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Pharmacogenomics. 2008 May;9(5):639-45. doi: 10.2217/14622416.9.5.639.

Pharmacogenomics of the response to IFN-beta in multiple sclerosis: ramifications from the first genome-wide screen.

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  • 1University of the Basque Country (UPV-EHU), Neurogenomiks Laboratory, Neuroscience Department, 48940 Leioa, Vizcaya, Spain. k.vandenbroeck@ikerbasque.org

Abstract

Evaluation of: Byun E, Caillier SJ, Montalban X et al.: Genome-wide pharmacogenomic analysis of the response to interferon-beta therapy in multiple sclerosis. Arch. Neurol. 65(3) 337-344 (2008). Specifically, IFN-beta is the most widely used disease-modifying therapy for the treatment of multiple sclerosis. The main benefits of the therapy, fewer and less severe relapses as well as delayed disease progression, are seen in only approximately 50% of the patients. Genetic polymorphisms may constitute in-built determinants of individual differences in response to IFN-beta. Prior attempts to identify such 'predictors of response' were hypothesis-driven in that they were based on preselection of candidate genes associated with Type I interferon pathways. In the present study, the authors performed the first ever nonbiased genome-wide association screen in an attempt to identify response-predictive SNPs. Using a robust four-stage completion strategy coupled to advanced SNP ranking/clustering algorithms, 18 significant SNPs were identified, many of which are located in genes that have never before been linked clearly to Type I interferon biology or therapeutic effects. While this study was not designed per se so as to validate earlier findings, genes arising from previous pharmacogenomic studies were generally not confirmed. This is due to major discrepancies between interstudy sets of used SNPs, but may also reflect differential strategies for ascertainment of response to IFN-beta, or simply Type I/II errors. The 100-K SNP screen by Byun et al. hallmarks a new stage of pharmacogenomics research applied to multiple sclerosis treatments. Through the judicious implementation of DNA pooling on SNP microarrays, it vividly demonstrates that informative genome-wide pharmacogenomic screens can be performed at a fraction of the cost of individual microarray genotyping. Although, unquestionably, higher-density SNP screens and further replication studies are needed, this study is instrumental in bringing the concept of personalized medicine a (small) step closer to the multiple sclerosis patient. In addition, it has generated a flurry of novel information of likely importance in furthering our understanding of Type I interferon biology.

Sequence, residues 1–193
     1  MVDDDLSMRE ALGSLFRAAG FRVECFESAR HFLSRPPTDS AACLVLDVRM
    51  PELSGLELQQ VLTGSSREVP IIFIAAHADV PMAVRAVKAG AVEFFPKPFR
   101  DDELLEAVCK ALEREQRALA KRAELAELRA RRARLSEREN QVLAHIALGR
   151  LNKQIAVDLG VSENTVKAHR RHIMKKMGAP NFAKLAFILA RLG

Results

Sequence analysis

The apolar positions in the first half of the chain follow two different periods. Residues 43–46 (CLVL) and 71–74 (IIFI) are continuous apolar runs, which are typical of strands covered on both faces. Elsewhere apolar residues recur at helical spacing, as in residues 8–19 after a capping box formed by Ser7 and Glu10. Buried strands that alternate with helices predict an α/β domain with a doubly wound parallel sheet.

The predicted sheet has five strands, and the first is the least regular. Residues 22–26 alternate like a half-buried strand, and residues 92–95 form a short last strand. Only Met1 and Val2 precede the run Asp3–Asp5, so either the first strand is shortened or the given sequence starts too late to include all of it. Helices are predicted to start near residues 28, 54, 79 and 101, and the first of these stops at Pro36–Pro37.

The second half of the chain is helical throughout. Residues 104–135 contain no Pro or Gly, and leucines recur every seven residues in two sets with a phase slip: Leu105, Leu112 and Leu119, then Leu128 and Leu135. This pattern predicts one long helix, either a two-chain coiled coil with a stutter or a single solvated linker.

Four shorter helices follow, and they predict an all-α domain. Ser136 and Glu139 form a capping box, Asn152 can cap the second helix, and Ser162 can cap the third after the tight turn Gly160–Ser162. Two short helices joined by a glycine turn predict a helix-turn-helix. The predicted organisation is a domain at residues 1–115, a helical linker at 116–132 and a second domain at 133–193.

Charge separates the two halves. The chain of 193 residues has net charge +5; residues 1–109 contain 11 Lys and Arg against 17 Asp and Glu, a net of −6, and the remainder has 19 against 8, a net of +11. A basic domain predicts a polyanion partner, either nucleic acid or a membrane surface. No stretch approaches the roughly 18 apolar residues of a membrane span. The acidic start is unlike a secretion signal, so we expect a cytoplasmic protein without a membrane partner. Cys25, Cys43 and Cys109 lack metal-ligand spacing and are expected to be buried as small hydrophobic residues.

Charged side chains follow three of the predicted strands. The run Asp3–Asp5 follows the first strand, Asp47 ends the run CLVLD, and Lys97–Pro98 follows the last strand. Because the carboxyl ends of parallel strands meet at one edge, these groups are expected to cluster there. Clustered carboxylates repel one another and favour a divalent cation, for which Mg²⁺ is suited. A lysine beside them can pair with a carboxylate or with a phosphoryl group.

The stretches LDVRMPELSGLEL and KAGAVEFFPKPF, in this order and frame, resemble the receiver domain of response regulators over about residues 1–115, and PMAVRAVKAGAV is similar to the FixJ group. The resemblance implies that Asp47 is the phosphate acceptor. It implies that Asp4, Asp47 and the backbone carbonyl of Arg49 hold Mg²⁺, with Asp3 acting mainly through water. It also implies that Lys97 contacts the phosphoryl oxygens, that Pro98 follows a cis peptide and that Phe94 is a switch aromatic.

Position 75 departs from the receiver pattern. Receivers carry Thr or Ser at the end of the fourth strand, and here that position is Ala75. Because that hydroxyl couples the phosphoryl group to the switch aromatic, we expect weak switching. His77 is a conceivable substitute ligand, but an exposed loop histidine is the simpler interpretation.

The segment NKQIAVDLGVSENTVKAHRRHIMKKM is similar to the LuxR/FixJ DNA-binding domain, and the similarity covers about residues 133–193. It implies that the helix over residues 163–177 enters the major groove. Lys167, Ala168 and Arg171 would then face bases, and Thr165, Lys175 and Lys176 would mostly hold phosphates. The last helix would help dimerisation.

PMID:
18466107
[PubMed - indexed for MEDLINE]
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